More images from the exhibition:

 Paul Gauguin, Three Tahitians, 1899. Oil on canvas. Scottish National Gallery

  • Diego Velázquez, An Old Woman Cooking Eggs, 1618. Oil on canvas. Scottish National Gallery
    Diego Velázquez, An Old Woman Cooking Eggs, 1618. Oil on canvas. Scottish National Gallery
    • John Singer Sargent, Lady Agnew of Lochnaw, 1892. Oil on canvas. Scottish National Gallery
      John Singer Sargent, Lady Agnew of Lochnaw, 1892. Oil on canvas. Scottish National Gallery

  • Camille Pissarro, The Marne at Chennevières, ca.1864–1865. Oil on canvas. Scottish National Gallery
    Camille Pissarro, The Marne at Chennevières, ca.1864–1865. Oil on canvas. Scottish National Gallery
    • Edgar Degas, Diego Martelli, 1879. Oil on canvas. Scottish National Gallery
      Edgar Degas, Diego Martelli, 1879. Oil on canvas. Scottish National Gallery

Claude Monet Poplars on the Epte, 1891 (detail)


A beautifully designed, fully-illustrated publication featuring an essay by Michael Clarke, produced by the Art Gallery of New South Wales, will accompany the exhibition.

Friday, October 30, 2015

Sotheby’s 18 November Auction of AMERICAN ART: Andrew Wyeth

Sotheby’s will offer three works by Andrew Wyeth from the collection of Hollywood legend Charlton Heston and his wife, Lydia Heston, as part of its American Art auction in New York on 18 November 2015. 
A longtime admirer of the Wyeth family and of Andrew’s work in particular, Charlton Heston began a correspondence with the artist in the 1980s that quickly grew into a friendship, which included visits with Andrew and his family in Chadds Ford, Pennsylvania – a location that served as the inspiration for so much of the Wyeths’ oeuvre. Charlton later narrated a documentary on Andrew’s work titled The Helga Pictures Study, and wrote multiple articles on Wyeth for publications such as the National Review.
Charlton Heston’s first acquisition of Andrew Wyeth’s work was 

the mesmerizing watercolor Ice Pool (estimate $150/250,000), which he purchased as an anniversary gift for Lydia Heston. 

In 1988, Charlton acquired 

Flood Plain (estimate $2/3 million), a work that exemplifies the skillful combination of medium, composition and subject that has made Wyeth one of the most significant American artists of the 20th century. 

In 1989, Charlton Heston’s son, Fraser Heston, directed him in an adaptation of Robert Louis Stevenson’s Treasure Island. The two decided that N.C. Wyeth’s illustrations from the 1911 edition of the book would serve as inspiration for the production design. Andrew Wyeth allowed the Hestons to create large-scale blow-ups of his father’s work. As a thank you, the Hestons held a screening of the film at the Brandywine River Museum of Art, which houses much of the Wyeth family’s work.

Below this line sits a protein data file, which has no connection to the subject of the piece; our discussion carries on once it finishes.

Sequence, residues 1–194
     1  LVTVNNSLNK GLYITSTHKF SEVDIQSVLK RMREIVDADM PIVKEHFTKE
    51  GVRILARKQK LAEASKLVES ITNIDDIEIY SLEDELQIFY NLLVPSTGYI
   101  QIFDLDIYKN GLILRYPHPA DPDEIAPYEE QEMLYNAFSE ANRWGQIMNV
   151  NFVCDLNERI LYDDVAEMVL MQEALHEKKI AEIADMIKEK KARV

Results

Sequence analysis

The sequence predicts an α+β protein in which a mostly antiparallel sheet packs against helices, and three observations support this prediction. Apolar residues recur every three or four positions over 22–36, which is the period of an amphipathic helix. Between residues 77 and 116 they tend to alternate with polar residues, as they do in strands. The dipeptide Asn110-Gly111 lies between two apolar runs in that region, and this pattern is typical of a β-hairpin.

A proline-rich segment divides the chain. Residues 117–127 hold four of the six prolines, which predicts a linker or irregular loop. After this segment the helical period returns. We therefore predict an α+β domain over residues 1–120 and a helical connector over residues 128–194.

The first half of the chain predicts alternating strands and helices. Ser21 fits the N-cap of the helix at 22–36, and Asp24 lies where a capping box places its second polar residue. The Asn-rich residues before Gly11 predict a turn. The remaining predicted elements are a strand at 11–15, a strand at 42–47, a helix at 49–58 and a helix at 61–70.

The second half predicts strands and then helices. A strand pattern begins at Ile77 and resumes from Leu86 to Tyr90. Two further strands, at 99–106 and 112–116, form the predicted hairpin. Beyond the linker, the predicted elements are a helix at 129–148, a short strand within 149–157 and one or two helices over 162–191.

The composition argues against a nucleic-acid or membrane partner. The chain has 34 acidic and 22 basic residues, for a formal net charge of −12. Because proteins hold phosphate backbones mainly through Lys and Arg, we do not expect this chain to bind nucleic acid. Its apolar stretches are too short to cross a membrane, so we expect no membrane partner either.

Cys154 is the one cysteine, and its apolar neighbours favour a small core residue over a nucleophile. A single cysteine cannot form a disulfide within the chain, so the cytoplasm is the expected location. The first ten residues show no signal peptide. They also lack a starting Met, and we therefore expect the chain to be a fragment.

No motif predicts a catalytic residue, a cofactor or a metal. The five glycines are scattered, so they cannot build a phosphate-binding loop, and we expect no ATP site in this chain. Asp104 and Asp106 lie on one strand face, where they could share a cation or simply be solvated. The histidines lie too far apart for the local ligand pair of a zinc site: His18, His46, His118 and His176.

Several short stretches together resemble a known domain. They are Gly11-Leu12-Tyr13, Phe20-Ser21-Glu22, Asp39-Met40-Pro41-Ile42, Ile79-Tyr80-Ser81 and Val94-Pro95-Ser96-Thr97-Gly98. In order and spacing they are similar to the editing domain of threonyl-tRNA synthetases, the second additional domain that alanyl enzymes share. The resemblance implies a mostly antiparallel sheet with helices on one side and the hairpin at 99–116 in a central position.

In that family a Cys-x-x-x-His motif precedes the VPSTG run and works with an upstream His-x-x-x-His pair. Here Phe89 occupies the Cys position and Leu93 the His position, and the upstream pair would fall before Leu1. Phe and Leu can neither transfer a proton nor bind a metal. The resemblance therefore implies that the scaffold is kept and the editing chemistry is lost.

Just before Christmas of 1991, a box marked ‘A. Wyeth’ arrived at the Heston’s house. Charlton waited until Christmas morning to open the package, which contained Study for ‘Flood Plain’ (estimate $20/30,000). In a thank you note to Wyeth, Heston wrote “I haven’t been so excited about a Christmas gift since I was ten years old... You’ve given our family not only a piece of your work, which is both your livelihood and your life, but a part of the process... a private part of your working insides.”

Sotheby's November 4- 5 2015: The Collection of A. Alfred Taubman - Impressionist & Modern Art

A dedicated evening auction of property from the Estate of A. Alfred Taubman will be led by a selection of rare examples of Impressionist & Modern Art, foremost among them

Amedeo Modigliani’s outstanding Paulette Jourdain,

Pablo Picasso’s exceptional Femme assise sur une chaise,

and an important pastel by Edgar Degas, Danseuses en blanc.


Estimate   25,000,00035,000,000

This distinguished collection also features stunning paintings and sculptures from the most influential figures in Contemporary and American Art: from Willem de Kooning, Mark Rothko, and Jackson Pollock, to Jasper Johns, Frank Stella, and Roy Lichtenstein, the Contemporary works in the Taubman Collection chart the course of artistic innovation in the 20th century.


Estimate   20,000,00030,000,000


Spanning three centuries, the architecture of the human form is among the themes that emerge within the A. Alfred Taubman collection of Modern and Contemporary art.  The works in this sale also show the collector’s focus on exquisite draughtsmanship from some of the greatest Modern masters of line: Picasso, Matisse, Schiele, Miró, Klimt, Degas, and Manet.

Whether a large scale oil by Paul Gauguin or a sinuous Salvador Dalí nude line drawing on sandpaper, the superlative quality of the works offered transcends any one style or time period, with examples from a delicate pastel from 1856 by van Gogh's idol, Jean-François Millet, to a lushly textured Wayne Thiebaud oil just painted in 2014.  Examples of the radical shifts in art history taking place in the 1910's make for particularly fascinating comparisons and contrasts.

Vincent van Gogh




From Max Pechstein's bold Expressionist figures to Pierre Bonnard's brightly colored Nabis canvas of women, from Giocomo Balla's Italian Futurism to Alexander Rodchenko’s Suprematism, from Pablo Picasso's Cubism to an array of works by Egon Schiele and Gustav Klimt, many works represent the best and brightest of this most explosive decade in the history of modern art, when figuration gave way to abstraction.